“If given the choice between dying and plunging the country I love into a Great Depression, I’d happily die,” right-wing radio host and Federalist contributor Jesse Kelly tweeted.

The Federalist, a right-wing news site, and its writers have been especially vocal about ending mitigation measures for the sake of the economy. The site has published two different articles arguing that a depression would be worse than stopping the coronavirus.

“It seems harsh to ask whether the nation might be better off letting a few hundred thousand people die,” Jonathan Ashbach argued on Tuesday. “Yet honestly facing reality is not callous, and refusing even to consider whether the present response constitutes an even greater evil than the one it intends to mitigate would be cowardly.”

As one viral tweet put it, “So we're doing The Trolley Problem but the most important thing is to save the trolley.”

While it's true that many Americans do not face a lethal risk from the coronavirus, it is also true that many do. Former labor secretary Robert Reich, in a tweet, railed against the push for Americans to return to work while COVID-19 is still raging.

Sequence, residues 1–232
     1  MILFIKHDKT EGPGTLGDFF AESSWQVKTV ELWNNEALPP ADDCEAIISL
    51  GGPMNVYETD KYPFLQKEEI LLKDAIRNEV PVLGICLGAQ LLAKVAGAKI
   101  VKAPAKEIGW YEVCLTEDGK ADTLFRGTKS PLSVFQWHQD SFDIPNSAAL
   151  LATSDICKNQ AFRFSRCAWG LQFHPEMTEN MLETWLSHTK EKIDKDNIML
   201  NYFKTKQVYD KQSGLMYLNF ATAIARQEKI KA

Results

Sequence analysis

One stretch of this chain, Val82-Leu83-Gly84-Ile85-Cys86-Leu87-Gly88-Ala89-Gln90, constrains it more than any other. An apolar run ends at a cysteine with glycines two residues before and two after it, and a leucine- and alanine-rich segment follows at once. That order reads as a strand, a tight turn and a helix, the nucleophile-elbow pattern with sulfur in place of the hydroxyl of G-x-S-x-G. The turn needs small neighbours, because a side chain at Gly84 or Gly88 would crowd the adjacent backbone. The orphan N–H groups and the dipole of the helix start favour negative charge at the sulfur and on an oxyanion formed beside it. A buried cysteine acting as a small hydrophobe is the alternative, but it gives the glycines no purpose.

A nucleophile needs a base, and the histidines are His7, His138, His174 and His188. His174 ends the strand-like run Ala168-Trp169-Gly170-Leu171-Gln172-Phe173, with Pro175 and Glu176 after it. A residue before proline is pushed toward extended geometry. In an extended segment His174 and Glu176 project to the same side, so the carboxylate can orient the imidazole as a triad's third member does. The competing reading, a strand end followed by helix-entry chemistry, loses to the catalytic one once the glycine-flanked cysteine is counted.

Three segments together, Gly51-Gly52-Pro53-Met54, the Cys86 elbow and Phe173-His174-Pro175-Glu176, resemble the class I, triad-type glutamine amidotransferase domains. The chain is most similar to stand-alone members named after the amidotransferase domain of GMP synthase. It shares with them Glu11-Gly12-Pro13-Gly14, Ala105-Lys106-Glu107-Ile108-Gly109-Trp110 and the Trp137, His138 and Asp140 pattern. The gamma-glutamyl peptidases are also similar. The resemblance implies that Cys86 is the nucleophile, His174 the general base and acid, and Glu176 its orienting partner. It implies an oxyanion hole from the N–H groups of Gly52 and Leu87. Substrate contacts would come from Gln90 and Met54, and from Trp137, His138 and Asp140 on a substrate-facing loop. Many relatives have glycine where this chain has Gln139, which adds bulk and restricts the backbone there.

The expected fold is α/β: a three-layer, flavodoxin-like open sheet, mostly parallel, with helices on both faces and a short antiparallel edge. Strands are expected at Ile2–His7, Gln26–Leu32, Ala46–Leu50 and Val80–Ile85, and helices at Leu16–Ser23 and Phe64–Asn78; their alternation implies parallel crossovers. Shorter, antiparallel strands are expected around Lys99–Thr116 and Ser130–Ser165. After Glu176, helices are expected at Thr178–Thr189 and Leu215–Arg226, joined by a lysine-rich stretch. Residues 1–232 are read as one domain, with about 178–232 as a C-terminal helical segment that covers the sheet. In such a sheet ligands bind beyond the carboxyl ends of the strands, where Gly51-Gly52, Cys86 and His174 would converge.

"Dangerous and irresponsible," he wrote.

Following Trump's Fox News town hall Tuesday, the hashtag #NotDyingForWallStreet started trending on Twitter. "24 years ago, I gladly volunteered to give my life for this country if necessary to defend the Constitution," one user wrote. "I’ll be damned if I’m going to be chosen as a human sacrifice by a man who spits on the Constitution daily to satisfy the god of American greed."